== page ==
Digital Workplace Flexibility Is Far From Being A Done Deal
Over the summer, it has become increasingly clear that many enterprise leaders are not happy with the thought of a workforce that is working entirely from home. Even in the tech industry, companies like Google and Microsoft have already indicated that a substantial number of employees will be returning to their campuses across the world on the condition that those employees are vaccinated.
What is problematic — apart from the resistance of some people to vaccination — is that many organizations are still trying to develop and apply strategies that will cater for the new hybrid workplaces that are emerging globally. However, as employers implement their future of work strategies, including decisions around hybrid work and increased flexibility, a gap is emerging between executive and employee perceptions on the future of the employee experience.
Perceptions Of Flexibility
Earlier this year, the 2021 Gartner Hybrid Work Employee survey of 4,000 employees showed that 75% of executive leaders believe they are already operating within a culture of flexibility, yet only 57% of employees indicate that their organizational culture embraces flexible work. Further, nearly three-quarters of executives believe the business understands how flexible work patterns support employees, but only half of employees share this view. This would seem to indicate that workplace flexibility is still problematic and many business leaders and workers are struggling with it.
There are many different interpretations of what a flexible workplace looks like. They all, however, involve the promise of working where, and even when, employees want. According to a recent blog from Belmont, CA-based unified communications developer RingCentral, workplace flexibility is an increasingly common phenomenon in which employees are given the opportunity to do their job in a way that suits their lifestyle and responsibilities. So, is the current workplace flexible?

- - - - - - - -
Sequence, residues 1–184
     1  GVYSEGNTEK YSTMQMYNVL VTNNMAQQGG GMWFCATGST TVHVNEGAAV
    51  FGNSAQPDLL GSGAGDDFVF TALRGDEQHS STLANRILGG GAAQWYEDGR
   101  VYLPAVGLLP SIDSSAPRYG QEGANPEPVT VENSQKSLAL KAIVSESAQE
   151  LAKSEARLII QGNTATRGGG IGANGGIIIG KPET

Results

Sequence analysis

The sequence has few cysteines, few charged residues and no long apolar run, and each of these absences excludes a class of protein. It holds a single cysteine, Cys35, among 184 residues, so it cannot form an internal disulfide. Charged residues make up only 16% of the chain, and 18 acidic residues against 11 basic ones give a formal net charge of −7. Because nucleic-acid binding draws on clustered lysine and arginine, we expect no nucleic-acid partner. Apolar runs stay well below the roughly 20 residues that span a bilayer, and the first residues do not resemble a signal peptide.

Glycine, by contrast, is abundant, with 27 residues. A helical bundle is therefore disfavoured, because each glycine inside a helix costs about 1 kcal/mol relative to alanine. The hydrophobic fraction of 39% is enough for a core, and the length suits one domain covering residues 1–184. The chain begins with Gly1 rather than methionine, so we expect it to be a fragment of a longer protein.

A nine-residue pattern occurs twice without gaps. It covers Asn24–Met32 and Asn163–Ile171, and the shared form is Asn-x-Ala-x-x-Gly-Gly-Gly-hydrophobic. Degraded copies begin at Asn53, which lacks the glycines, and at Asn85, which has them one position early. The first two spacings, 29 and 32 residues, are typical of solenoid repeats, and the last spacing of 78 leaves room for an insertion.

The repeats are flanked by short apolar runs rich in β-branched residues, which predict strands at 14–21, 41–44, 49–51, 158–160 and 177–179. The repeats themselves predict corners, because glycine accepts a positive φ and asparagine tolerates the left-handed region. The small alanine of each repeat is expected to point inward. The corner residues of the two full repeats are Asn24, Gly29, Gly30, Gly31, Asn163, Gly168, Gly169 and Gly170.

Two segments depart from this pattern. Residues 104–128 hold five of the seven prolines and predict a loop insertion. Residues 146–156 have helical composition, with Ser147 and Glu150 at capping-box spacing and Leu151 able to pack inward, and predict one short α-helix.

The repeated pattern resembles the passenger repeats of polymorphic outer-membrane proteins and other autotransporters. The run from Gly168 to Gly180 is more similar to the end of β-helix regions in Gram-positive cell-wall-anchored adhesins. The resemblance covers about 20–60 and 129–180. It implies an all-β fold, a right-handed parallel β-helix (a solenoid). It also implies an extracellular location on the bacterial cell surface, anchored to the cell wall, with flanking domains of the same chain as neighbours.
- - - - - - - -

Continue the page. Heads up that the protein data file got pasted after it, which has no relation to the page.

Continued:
The figures would seem to suggest not. Four million workers left their jobs in April 2021 according to the Bureau of Labor Statistics. Even more telling is that one out of four workers plan to look for a new job post pandemic, according to a Prudential study. A major contributing factor poor management and poor employee experiences of which flexibility has become a major element.
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Flexibility Is for Keeps
Amanda Ponzar is chief communications and strategy office at Alexandria, VA-based CHC. She argues that flexibility is not just a fad, but a critically important topic that we need to get right. Many employees have gone from never being allowed to work remote, to suddenly working fully remote during COVID while juggling distance learning and other challenges, to various stages of returning to work (still fully remote, hybrid, or fully returned or TBD), to additional changes due to the Delta variant.
As a result, she says, the disconnect between executives and employees is not surprising. Executives tend to have the power, resources, financial wellbeing, standing within the company, and access to information and so feel more in control of ongoing changes in the workplace.
Contrast that with employees who often worry about keeping their jobs, who feel a lack of control, who are waiting for communications to hear about changes, and may be struggling with mental, physical or financial wellbeing during these tumultuous times. “Is there a culture of flexibility?” she asks. “It depends on the company and employees are often leaving for the companies that offer more flexibility — this impacts recruitment and retention.”
Companies need to do more employee surveys and leverage their employee resource groups and employee engagement committees to help identify issues and address them and while workplaces are more flexible after COVID there are still a ways to go, especially addressing working parents and equity issues.
Disconnect Between Worker-Employer Experiences
The disconnect between the experiences is largely due to where the different stakeholders are coming from. Although we have been in a remote/hybrid environment for over 18 months, it is vital to remember that before 2020, employers were used to direct surveillance, time management, and proximity, Joe Flanagan, senior employment advisor at Los Angeles-based VelvetJobs, said.